UK sets up network to address food safety issues

A food safety network has been set up in the UK to try to reduce the burden of food poisoning.

The Food Standards Agency (FSA) and the Biotechnology and Biological Sciences Research Council (BBSRC) have invested £1.6 million ($2 million) in the platform, which will be hosted by the Quadram Institute.

UK estimates show there are 2.4 million cases of foodborne illness a year with an annual cost of £9 billion ($11.1 billion), of which £6 billion (7 .4 billion) from unknown causes.

Campylobacter and Salmonella have the greatest economic impact, but Listeria has the highest mortality rate.

The UK Food Safety Research Network will connect industry, food and health policy makers and academia on common research priorities to protect the UK from foodborne risks. It will coordinate and fund cross-sector work and training that responds to current and emerging challenges.

Matt Gilmour, Cluster Leader and Network Leader of the Quadram Institute, said food safety is threatened by persistent and emerging threats.

“This threat is exemplified by microbes spreading between the environment, animals and humans, with foodborne exposures being a means of transmission of pathogens and new antimicrobial resistance genes from agriculture. “, did he declare.

“The challenge is to take an integrated and unified approach to these issues from agriculture and the environment to food production and human health, in what is called a One Health approach. To do this, we must collaborate with the food industry and other associated industries to share research and innovation and provide training activities.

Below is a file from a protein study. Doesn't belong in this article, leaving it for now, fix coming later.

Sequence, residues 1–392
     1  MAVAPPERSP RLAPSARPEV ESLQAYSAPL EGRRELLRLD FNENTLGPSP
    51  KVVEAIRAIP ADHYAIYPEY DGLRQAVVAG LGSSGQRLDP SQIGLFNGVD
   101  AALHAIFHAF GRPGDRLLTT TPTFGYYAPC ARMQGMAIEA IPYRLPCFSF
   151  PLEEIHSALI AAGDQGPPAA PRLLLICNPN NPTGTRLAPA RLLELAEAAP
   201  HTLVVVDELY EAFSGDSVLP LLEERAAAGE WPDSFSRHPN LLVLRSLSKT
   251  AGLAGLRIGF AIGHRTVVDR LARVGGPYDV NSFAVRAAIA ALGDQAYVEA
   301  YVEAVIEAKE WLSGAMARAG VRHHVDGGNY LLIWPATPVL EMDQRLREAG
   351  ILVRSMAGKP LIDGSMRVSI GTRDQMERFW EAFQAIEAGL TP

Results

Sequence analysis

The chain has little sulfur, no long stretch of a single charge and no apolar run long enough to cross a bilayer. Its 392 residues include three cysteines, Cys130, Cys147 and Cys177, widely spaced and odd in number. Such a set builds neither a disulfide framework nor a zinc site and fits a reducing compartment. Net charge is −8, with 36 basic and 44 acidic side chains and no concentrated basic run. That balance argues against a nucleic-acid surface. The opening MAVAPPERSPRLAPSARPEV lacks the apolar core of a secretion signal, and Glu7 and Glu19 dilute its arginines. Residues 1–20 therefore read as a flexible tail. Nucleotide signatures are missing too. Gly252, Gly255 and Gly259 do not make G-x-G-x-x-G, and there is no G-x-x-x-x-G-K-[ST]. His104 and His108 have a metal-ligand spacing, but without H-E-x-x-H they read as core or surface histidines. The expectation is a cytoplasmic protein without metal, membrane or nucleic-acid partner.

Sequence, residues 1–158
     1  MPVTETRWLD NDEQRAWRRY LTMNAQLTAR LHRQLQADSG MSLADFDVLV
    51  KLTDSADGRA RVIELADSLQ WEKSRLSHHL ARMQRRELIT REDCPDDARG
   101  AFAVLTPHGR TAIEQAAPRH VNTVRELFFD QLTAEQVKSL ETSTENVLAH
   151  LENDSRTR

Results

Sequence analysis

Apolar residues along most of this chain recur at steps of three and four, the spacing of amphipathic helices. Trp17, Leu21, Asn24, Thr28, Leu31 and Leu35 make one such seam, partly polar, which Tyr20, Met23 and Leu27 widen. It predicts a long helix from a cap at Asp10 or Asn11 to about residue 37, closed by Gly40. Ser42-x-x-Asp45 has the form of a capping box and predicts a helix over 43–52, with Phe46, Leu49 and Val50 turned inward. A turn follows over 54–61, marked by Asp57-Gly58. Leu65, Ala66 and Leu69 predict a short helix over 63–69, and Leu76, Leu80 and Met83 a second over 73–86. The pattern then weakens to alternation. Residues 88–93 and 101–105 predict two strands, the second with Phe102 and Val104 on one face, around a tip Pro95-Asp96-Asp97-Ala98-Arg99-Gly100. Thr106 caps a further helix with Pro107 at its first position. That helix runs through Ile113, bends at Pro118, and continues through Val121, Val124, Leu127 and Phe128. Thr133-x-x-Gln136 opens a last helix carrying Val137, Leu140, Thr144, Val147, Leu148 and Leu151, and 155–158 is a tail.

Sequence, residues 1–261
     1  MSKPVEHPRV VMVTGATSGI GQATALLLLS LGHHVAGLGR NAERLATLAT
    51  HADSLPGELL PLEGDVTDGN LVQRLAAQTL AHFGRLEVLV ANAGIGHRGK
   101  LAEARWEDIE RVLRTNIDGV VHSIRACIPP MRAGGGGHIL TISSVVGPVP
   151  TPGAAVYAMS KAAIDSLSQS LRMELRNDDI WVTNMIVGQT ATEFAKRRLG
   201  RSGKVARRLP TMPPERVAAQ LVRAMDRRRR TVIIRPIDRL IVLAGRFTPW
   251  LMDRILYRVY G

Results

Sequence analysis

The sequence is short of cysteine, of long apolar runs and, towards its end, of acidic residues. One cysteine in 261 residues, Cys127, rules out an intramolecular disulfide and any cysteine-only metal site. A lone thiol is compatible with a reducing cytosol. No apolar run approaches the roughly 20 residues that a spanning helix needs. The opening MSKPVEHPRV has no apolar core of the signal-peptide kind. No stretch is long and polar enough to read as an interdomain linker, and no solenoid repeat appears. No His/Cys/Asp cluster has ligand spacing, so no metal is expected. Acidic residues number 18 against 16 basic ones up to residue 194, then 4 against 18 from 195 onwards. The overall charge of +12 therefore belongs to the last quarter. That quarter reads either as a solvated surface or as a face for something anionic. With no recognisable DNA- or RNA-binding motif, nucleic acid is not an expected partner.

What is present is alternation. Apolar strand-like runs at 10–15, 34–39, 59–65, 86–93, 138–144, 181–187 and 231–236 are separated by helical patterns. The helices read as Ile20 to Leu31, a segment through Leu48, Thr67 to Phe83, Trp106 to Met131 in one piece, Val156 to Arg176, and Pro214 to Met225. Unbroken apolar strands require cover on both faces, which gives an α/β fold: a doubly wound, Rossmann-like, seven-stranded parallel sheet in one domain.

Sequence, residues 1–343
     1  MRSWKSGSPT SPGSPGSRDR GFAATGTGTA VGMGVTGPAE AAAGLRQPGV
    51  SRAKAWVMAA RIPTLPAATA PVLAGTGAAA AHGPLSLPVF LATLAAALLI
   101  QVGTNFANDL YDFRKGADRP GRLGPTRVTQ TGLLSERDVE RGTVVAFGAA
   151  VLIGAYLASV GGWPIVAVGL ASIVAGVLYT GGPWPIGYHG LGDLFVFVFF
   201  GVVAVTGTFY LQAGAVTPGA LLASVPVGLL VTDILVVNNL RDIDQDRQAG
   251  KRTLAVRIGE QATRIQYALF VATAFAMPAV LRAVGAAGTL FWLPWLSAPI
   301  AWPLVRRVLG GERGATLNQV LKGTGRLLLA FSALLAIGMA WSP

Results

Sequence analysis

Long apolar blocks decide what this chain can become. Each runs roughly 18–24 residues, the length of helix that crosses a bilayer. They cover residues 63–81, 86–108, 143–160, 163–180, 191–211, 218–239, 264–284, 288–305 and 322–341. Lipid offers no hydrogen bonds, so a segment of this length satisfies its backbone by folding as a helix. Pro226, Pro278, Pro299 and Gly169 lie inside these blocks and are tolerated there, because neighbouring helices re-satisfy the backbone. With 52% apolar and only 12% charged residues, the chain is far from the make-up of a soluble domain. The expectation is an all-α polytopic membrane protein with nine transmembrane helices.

Helps fight foodborne illnesses
Network members will identify areas of research that will have significant impacts on food security in the UK and share the knowledge generated within the network with food security stakeholders

“Foodborne illness is a major cause of illness in the UK population and imposes a significant burden on both those infected and on the economy,” said Robin May, chief scientific adviser at the FSA.

“The network will ensure that the FSA is well placed to address foodborne disease challenges by bringing together experts from government, industry and academia to address current and emerging food safety issues in the UK. “

Melanie Welham, executive chair of the BBSRC, said food poisoning had a major impact on people’s health and on the economy.

“The new UK Food Safety Research Network presents a tangible and exciting opportunity for collaborations between a range of experts to improve our understanding of foodborne illness and identify new ways to predict, prevent, to effectively respond to and recover from such illnesses in the future.”

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